Alberto KordaPosted: April 9, 2012 Filed under: Cuba, from wikipedia, photography, pictures Leave a comment
In the early years Korda was most interested in fashion because it allowed him to pursue his two favorite things, photography and beautiful women. Korda became Cuba’s premiere fashion photographer. Korda disliked artificial lighting he said it was “a travesty of reality” and only used natural light in his studio…. “My main aim was to meet women”, he once confessed. His second wife, Natalia (Norka) Menendez, was a well known Cuban fashion model.
The Scottish Himalayan ExpeditionPosted: March 10, 2012 Filed under: adventures, books, from wikipedia, heroes, how to live 1 Comment
A quotation by [mountaineer W. H. Murray] is widely misattributed to Johann Wolfgang von Goethe. The following passage occurs near the beginning of Murray’s The Scottish Himalayan Expedition (1951):
… but when I said that nothing had been done I erred in one important matter. We had definitely committed ourselves and were halfway out of our ruts. We had put down our passage money— booked a sailing to Bombay. This may sound too simple, but is great in consequence. Until one is committed, there is hesitancy, the chance to draw back, always ineffectiveness. Concerning all acts of initiative (and creation), there is one elementary truth the ignorance of which kills countless ideas and splendid plans: that the moment one definitely commits oneself, then providence moves too. A whole stream of events issues from the decision, raising in one’s favor all manner of unforeseen incidents, meetings and material assistance, which no man could have dreamt would have come his way. I learned a deep respect for one of Goethe’s couplets:
Whatever you can do or dream you can, begin it.
Boldness has genius, power and magic in it!
– from our old friends at Wikipedia. That Goethe quote is great, sure, but I’ll take Murray himself if I’m going on a hike. Murray’s autobiography, btw, was entitled The Evidence of Things Unseen, citing of course Hebrews 11:1.
More C. W. Peale, and the Falkirk WheelPosted: February 10, 2012 Filed under: art, from wikipedia, painting, pictures, science Leave a comment
The Exhumation of the Mastodon 1805-1808:
The wheel pictured reminded one correspondent of The Falkirk Wheel:
This guyPosted: February 10, 2012 Filed under: adventures, from wikipedia, heroes, people Leave a comment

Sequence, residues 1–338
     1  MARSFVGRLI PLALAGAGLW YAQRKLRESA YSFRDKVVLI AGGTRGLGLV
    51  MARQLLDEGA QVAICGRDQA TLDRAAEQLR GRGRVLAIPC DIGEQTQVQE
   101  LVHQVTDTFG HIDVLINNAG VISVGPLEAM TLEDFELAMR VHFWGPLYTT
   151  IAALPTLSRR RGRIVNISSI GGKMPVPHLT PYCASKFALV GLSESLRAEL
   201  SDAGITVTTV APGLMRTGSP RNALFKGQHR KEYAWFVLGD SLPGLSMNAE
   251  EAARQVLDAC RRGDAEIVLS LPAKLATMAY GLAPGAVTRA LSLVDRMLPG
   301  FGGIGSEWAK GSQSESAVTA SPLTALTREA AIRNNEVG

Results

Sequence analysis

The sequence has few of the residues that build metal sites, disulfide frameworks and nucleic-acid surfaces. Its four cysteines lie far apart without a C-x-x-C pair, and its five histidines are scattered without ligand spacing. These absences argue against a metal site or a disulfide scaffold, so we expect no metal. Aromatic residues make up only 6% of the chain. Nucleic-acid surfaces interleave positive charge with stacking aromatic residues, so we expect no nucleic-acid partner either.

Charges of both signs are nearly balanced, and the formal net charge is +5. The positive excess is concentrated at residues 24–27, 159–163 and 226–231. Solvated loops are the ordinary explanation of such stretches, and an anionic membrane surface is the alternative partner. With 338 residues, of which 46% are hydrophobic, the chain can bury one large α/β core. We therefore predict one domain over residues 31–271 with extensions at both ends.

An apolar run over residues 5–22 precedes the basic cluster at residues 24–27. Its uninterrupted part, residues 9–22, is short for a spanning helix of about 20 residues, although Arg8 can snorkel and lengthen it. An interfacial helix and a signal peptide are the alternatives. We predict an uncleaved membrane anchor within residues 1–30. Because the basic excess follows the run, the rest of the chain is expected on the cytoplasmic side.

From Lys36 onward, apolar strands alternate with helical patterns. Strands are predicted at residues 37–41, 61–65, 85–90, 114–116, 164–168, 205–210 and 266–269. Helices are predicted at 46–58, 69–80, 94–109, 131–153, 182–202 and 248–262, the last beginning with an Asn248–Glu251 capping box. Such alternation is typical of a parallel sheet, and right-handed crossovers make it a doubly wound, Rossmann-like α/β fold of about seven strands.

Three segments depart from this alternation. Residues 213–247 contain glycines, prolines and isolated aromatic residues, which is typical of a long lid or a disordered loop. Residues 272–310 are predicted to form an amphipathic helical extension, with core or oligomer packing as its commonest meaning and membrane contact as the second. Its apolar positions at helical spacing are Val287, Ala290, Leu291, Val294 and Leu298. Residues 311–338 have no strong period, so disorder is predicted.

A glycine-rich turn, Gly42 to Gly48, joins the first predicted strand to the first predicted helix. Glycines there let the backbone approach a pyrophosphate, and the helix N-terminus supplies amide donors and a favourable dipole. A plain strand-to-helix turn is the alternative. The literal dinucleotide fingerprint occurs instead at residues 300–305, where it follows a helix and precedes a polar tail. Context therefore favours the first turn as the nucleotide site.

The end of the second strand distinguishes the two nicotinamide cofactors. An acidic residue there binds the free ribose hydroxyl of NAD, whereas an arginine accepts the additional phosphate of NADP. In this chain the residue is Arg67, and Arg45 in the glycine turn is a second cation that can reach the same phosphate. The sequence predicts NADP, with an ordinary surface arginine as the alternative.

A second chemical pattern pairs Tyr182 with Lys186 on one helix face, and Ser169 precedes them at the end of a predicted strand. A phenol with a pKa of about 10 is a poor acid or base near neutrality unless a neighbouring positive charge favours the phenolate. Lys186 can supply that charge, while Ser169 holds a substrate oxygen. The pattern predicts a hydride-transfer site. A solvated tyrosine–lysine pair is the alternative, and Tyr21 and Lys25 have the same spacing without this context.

- twice won the Military Cross for bravery in WWI
- was a coffee grower in Kenya
- rode a bicycle across Africa
- parachuted behind enemy lines to fight with Italian and Albanian partisans in WWII
- was given “the keys to the city of Belluno which he helped save from occupation and destruction”
- “was the first man to attempt climbing the remote and unexplored Assam Himalayas”
- “detoured through Afghanistan’s Wakhan Corridor to see the source of the river Oxus”
- “found the pass named after him beyond Gangchempo”
- presumed dead at sea while sailing the South Atlantic to find remote mountains to climb.
- I had some açai juice today.
..for whom the Creator alone is responsible…Posted: February 9, 2012 Filed under: from wikipedia, writing Leave a comment
“apprehending the good, but powerless to be it, what was left for a personality like Claggert’s but, like the scorpion, for whom the Creator alone is responsible, to turn upon himself and act out the part allotted.”
– a quote from “Billy Budd” that David Milch brings up in an interview about the TV show “Luck” in “Written By” magazine.
I found the picture of the scorpion on the mysterious website www.scorpion.com
Good new term I learnedPosted: February 9, 2012 Filed under: from wikipedia, pictures Leave a comment
A fancy cancel is a postal cancellation that includes an artistic design. Although the term may be used of modern machine cancellations that include artwork, it primarily refers to the designs carved in cork and used in 19th century post offices of the United States.
– from Wikipedia, which also informed me about the Waterbury Running Chicken (a famed fancy cancel) and that I should be vy suspicious of fancy cancels on Confederate postage stamps.